Sunday, June 09, 2013

Nail clippings

Every so often a bit of stray verbiage will float into my head unbidden and I try to remember to make a note of it for one or other of the books I'll never get round to. Here are a few waifs and strays from the commonplace books...

  • He was one of those tall men of indeterminate age and character who populate the middle reaches of the professions.
  • Almost at once he had concluded that the visitor was entirely inconsequential and he spent the next hour doing everything humanly possible to make himself stupidly beholden to him.
  • It was an old-fashioned door that looked impossibly flimsy but had rattled in the merest breeze for the past thirty-seven years without ever actually blowing open.
  • He was tending his vegetable plot. Late Winter had passed into the thin pickings of early Spring: the last of the Brussels sprout tops and savoy cabbages and whatever carrots and parsnips were left in the store. It had been a bad few weeks, what with the cold nights and colder rains, and he was torn between keeping the cloche over the beans in the hopes of a half-decent harvest and taking the cloches off in the near-certainty of wood pigeon for supper.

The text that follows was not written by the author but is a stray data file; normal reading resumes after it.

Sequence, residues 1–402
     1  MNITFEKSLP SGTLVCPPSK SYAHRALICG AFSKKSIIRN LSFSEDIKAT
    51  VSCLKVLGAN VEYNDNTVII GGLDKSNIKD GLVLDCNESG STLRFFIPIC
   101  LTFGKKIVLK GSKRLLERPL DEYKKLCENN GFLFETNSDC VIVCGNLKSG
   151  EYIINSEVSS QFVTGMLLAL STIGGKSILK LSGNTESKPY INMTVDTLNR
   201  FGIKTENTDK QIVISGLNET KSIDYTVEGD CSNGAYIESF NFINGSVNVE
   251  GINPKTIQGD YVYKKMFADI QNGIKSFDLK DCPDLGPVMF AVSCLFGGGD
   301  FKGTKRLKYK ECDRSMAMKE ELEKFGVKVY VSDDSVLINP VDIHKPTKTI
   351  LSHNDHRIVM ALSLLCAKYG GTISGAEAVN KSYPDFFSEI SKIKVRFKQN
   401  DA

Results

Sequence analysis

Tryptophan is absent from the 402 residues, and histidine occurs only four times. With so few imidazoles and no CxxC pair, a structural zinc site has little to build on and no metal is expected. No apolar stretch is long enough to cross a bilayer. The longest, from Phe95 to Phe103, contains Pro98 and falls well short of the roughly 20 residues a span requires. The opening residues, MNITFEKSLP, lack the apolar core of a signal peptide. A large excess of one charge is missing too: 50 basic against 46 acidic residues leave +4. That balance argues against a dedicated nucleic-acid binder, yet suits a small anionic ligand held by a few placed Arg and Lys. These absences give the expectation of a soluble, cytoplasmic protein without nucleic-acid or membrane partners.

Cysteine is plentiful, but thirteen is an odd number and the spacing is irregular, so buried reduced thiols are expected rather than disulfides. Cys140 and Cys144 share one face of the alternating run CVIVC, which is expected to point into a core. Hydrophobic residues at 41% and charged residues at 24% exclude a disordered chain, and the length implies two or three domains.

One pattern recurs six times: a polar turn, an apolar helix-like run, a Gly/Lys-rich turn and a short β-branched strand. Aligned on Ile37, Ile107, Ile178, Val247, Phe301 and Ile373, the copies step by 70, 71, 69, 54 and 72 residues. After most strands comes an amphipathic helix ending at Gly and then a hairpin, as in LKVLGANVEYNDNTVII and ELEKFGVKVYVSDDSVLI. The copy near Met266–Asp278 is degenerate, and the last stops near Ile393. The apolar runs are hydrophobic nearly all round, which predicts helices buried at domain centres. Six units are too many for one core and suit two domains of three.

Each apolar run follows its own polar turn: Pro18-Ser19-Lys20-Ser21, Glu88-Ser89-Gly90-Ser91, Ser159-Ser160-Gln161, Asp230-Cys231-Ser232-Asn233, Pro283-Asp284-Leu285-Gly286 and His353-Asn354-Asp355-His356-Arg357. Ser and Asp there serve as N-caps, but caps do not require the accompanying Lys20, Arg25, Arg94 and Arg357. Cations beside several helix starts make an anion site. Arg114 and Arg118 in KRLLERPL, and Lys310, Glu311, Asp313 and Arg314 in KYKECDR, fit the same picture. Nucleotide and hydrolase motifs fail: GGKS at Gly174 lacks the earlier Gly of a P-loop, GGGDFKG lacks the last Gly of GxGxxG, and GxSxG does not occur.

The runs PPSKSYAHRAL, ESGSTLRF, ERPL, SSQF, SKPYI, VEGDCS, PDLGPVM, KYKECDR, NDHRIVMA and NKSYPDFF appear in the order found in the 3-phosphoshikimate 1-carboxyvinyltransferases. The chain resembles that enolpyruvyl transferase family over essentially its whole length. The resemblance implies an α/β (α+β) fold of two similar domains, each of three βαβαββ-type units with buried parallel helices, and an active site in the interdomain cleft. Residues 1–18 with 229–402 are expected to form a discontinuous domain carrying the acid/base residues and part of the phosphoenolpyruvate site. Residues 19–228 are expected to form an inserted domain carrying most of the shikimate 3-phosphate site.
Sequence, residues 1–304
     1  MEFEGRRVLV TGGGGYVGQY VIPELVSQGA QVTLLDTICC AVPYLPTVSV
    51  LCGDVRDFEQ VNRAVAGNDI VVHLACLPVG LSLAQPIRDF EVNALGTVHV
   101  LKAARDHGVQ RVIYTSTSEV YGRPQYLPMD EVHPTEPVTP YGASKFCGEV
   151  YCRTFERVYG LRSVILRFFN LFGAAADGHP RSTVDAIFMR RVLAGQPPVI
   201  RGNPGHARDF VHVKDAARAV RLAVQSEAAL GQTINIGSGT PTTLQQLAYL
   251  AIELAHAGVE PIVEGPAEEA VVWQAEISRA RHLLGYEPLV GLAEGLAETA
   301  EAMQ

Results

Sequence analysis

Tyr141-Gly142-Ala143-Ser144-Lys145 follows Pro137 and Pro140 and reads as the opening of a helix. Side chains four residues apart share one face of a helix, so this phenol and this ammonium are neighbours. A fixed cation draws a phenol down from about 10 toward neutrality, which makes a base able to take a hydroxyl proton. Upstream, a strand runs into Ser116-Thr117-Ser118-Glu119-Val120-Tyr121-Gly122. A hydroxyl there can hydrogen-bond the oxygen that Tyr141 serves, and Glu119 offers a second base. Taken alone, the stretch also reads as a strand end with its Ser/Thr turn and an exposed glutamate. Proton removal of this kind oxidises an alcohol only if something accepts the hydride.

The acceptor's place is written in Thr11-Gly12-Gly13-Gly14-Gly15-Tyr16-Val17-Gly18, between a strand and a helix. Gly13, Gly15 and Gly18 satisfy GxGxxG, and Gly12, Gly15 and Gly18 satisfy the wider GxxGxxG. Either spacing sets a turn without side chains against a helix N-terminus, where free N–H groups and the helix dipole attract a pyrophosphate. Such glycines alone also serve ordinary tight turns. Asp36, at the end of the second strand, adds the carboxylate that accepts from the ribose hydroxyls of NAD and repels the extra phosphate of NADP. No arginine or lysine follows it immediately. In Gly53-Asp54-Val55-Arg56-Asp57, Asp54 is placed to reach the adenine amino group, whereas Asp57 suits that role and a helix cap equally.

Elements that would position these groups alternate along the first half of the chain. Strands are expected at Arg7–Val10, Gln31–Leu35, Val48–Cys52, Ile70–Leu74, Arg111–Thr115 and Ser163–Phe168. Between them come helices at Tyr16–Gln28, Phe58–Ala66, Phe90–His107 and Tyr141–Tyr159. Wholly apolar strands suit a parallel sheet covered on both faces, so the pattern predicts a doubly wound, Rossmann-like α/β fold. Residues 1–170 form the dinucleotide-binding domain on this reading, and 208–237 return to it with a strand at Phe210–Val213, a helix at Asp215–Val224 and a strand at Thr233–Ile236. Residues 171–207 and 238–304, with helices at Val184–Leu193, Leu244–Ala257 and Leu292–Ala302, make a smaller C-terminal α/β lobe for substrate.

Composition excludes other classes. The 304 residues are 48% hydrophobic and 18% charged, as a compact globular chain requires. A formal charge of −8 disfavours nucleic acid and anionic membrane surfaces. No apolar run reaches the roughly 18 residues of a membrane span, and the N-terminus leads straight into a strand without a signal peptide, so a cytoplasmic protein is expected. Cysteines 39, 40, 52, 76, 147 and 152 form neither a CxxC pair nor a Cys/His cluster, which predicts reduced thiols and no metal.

• It's a good thing to be underestimated in high places. 
  • "Every generation sees its economic crash as The Great Depression. The difference this time is that it'll be the harder for the men as write history to forget what it really meant."
  • The train was on time. The train was always on time. They changed the station clock religiously to make sure that it was so.
  • The two men at the bar spoke French. They spoke French abysmally, as only the French are allowed to do.

1 comment:

Gadjo Dilo said...

Indeed, the 'Allo 'Allo dialect should be the only one officially recognised.